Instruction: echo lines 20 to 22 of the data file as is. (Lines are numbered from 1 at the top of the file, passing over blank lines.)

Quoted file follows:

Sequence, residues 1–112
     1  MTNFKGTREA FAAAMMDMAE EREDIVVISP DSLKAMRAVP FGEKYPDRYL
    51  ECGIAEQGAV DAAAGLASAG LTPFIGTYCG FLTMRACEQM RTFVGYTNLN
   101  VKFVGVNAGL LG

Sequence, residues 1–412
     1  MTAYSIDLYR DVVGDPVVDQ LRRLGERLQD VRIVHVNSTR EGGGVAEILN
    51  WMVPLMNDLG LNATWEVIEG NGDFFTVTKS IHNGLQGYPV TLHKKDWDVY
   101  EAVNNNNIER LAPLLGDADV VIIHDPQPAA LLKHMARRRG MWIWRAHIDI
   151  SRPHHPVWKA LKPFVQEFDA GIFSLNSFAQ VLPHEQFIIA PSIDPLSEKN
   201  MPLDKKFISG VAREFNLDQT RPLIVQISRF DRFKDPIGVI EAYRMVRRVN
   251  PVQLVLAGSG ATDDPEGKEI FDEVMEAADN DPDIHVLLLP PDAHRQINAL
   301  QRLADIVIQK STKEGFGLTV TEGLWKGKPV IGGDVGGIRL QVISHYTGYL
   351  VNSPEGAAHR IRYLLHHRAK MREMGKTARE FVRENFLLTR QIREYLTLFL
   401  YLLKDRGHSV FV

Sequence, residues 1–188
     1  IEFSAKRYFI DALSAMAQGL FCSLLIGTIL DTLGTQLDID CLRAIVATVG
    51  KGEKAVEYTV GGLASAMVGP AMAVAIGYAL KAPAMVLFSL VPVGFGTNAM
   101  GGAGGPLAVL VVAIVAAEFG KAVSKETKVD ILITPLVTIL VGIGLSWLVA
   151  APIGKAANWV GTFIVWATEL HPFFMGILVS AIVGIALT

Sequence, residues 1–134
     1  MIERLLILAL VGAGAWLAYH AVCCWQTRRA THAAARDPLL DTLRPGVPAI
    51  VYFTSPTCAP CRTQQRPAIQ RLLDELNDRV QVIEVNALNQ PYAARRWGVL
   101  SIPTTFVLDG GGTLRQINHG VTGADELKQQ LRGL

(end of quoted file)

Sequence, residues 1–134
     1  MIERLLILAL VGAGAWLAYH AVCCWQTRRA THAAARDPLL DTLRPGVPAI
    51  VYFTSPTCAP CRTQQRPAIQ RLLDELNDRV QVIEVNALNQ PYAARRWGVL